How to protect against financial scams
U.S. District Judge Linda Reade told Wasendorf at the hearing in Cedar Rapids that he knowingly caused “staggering losses” to investors, employees and creditors that grew larger over 20 years.
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Reade said Wasendorf, 64, lacked the courage to stop his fraud sooner and admit his company was a failure from its inception in the early 1990s.
She also said the collapse of Peregrine Financial Group had rippled across the financial industry, affecting regulatory agencies and the nation as whole.
“By imposing a substantial sentence, the court sends a message that white collar criminals may serve long prison sentences for stealing money from other people,” Reade said.
Wasendorf appeared frail at the sentencing. His attorney said he’d lost a substantial amount of weight while being held in jail.
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Before the sentencing, Wasendorf issued a broad apology for the damage he caused and said he would accept any sentence imposed.
Wasendorf pleaded guilty in September to misusing at least $100 million to cover business losses at his Cedar Falls-based brokerage, which did business as PFGBest, and a range of personal expenses. He admitted that he hid the theft from colleagues and regulators by making phony financial statements for nearly two decades.
Wasendorf was found unconscious outside the company’s headquarters last July after attempting suicide in his vehicle by connecting a tube to his exhaust pipe. He left a startling suicide note confessing to the fraud, saying he started stealing because his “ego was too big to fail,” that he did not feel bad about duping regulators he felt were overzealous, and had learned to make “convincing forgeries” of bank and financial statements using printers and scanners.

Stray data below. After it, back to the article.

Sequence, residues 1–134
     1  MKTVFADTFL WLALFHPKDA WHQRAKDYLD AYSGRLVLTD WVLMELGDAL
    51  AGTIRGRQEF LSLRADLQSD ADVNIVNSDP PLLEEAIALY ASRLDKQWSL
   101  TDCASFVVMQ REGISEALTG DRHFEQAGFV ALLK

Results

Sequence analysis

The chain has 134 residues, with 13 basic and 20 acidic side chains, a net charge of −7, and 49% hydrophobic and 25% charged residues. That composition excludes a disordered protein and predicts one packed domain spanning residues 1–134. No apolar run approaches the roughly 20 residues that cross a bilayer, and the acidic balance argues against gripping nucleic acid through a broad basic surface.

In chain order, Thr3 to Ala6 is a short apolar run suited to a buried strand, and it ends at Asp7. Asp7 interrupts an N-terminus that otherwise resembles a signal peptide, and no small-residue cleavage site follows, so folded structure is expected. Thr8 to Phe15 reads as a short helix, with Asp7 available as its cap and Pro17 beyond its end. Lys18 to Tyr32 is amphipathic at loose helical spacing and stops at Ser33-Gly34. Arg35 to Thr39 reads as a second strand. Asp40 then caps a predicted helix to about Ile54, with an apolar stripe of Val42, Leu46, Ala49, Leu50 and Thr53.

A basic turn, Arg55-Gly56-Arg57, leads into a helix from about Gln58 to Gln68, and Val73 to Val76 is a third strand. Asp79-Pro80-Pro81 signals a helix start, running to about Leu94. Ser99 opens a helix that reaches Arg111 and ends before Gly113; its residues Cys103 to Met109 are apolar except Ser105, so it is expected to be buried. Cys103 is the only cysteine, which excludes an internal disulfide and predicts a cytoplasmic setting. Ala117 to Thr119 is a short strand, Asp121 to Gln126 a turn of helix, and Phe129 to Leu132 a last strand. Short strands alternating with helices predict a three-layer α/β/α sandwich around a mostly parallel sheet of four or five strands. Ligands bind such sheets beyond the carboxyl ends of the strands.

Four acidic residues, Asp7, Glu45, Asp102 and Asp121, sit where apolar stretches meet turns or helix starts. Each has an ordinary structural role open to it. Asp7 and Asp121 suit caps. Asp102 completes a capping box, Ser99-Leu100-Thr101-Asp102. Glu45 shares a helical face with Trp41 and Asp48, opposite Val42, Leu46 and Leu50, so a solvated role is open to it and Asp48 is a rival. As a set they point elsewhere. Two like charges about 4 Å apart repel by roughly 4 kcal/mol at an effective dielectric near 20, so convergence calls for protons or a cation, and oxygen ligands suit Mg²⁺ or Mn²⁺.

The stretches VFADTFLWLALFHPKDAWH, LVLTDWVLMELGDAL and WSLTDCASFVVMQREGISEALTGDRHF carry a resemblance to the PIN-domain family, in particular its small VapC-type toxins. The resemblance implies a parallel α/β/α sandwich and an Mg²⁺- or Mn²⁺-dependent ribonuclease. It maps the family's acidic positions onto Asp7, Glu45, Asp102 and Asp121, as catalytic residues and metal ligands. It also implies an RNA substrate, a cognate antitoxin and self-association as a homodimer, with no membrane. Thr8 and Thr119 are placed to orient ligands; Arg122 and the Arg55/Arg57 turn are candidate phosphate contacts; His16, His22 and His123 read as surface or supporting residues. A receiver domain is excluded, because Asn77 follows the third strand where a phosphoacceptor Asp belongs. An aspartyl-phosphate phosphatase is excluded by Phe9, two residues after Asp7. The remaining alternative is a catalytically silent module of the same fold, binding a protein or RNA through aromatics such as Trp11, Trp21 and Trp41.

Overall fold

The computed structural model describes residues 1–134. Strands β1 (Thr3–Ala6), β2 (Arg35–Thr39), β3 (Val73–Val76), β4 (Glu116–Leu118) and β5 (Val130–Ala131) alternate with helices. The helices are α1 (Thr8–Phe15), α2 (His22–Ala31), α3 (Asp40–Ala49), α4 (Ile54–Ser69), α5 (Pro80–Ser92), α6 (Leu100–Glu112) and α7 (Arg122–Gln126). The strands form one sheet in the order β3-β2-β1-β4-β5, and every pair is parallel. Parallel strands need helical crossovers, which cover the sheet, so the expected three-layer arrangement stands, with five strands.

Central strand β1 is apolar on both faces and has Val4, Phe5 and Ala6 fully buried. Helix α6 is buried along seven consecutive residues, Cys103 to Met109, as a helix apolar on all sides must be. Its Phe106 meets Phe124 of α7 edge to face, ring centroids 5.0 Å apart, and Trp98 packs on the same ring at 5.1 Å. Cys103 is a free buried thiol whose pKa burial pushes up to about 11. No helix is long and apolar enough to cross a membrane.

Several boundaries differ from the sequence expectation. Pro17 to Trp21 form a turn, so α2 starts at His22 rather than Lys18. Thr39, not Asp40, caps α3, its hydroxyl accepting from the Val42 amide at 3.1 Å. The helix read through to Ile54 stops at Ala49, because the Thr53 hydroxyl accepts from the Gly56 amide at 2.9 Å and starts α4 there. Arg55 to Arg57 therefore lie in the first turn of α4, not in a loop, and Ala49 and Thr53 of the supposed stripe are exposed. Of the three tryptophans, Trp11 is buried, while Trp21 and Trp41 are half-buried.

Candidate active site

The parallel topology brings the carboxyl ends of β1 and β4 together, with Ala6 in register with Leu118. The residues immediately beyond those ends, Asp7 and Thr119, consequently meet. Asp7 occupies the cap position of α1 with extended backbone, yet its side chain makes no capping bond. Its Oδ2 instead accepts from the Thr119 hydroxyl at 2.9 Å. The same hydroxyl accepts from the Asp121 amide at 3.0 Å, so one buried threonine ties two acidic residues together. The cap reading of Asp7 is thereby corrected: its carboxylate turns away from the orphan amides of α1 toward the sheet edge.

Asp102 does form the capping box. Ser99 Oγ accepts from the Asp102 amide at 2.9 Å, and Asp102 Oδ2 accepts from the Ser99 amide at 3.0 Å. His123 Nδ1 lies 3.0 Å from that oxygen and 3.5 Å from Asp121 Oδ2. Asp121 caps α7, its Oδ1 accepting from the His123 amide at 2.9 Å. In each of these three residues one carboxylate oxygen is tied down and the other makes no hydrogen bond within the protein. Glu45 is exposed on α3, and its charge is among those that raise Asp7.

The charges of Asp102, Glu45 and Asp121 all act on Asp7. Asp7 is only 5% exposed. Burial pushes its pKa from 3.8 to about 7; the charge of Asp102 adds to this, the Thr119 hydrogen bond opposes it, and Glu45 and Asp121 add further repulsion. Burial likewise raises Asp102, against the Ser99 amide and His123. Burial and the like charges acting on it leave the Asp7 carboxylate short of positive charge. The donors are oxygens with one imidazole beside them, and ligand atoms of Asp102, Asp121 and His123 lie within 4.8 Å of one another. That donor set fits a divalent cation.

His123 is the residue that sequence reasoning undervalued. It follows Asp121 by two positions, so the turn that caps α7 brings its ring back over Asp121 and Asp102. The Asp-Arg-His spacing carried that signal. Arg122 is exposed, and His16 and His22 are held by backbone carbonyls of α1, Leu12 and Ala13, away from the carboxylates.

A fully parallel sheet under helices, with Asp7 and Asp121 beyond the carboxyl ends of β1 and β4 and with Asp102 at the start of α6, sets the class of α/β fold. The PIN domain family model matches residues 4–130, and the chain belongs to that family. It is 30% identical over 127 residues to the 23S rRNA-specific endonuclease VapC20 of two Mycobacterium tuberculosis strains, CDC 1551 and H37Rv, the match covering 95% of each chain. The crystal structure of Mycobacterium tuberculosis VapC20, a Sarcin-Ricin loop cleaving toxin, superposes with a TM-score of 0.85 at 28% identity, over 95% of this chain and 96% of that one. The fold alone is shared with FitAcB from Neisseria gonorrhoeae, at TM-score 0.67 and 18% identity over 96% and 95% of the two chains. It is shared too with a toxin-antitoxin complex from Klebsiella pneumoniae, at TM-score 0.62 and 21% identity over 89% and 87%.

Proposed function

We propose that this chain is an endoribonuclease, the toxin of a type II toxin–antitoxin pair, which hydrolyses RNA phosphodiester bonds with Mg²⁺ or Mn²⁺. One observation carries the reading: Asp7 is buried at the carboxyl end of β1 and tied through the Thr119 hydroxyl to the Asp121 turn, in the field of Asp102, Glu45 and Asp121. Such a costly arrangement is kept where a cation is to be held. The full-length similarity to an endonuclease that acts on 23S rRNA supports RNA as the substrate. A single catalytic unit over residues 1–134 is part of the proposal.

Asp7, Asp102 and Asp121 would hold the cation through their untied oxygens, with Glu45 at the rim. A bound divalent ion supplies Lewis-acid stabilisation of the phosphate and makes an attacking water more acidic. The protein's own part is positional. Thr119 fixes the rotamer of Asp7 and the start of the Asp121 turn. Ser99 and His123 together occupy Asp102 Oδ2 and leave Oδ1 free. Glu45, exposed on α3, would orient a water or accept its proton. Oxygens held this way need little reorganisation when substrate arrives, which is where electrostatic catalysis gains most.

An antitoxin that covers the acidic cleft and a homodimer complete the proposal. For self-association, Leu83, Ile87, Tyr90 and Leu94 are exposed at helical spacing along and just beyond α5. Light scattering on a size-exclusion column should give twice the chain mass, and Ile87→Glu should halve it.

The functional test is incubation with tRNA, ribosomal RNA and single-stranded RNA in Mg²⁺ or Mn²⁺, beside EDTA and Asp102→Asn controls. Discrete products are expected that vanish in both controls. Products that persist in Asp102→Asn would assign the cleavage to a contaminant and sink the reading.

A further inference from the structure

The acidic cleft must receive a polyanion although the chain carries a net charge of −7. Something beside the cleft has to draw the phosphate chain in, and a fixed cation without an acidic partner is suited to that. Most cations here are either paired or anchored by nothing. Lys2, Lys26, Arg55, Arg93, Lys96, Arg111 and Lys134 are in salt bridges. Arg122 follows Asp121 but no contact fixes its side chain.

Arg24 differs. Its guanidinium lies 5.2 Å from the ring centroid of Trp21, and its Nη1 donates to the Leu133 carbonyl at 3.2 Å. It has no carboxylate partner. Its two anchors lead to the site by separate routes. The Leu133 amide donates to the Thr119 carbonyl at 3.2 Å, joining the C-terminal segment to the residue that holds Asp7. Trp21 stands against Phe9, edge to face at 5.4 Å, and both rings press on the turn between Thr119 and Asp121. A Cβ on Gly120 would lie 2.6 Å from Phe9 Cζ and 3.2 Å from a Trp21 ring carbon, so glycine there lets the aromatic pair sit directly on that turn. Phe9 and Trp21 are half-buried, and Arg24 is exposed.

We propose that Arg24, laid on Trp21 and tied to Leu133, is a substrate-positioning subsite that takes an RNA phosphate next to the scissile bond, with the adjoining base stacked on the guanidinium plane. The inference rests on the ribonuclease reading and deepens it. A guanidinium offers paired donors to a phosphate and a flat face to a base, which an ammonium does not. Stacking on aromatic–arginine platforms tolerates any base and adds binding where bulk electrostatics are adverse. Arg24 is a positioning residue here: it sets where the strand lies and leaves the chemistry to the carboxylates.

Regulators immediately discovered PFGBest could not account for more than $200 million in customer funds it was supposed to be holding, and the firm filed for bankruptcy protection. Some 24,000 customers were unable to access their accounts and still have not been fully reimbursed. Customers who opened accounts to trade commodities have received between 30 and 40 percent of their money back, while customers who traded foreign currency have received nothing because that activity has less legal protection.
Wasendorf used their money to build up a business empire that included a publishing company, a corporate jet, the nicest restaurant in Cedar Falls, and a family charity known for making donations to universities and hospitals.
Customer money also helped build what was perhaps the biggest symbol of Wasendorf’s home-grown success with a firm he started in a basement 30 years ago: PFG’s $20 million headquarters, a three-story glass building that opened in 2009 and included a gym, a daycare center, a Montessori school, and a restaurant. Today, the building is largely empty and up for sale.
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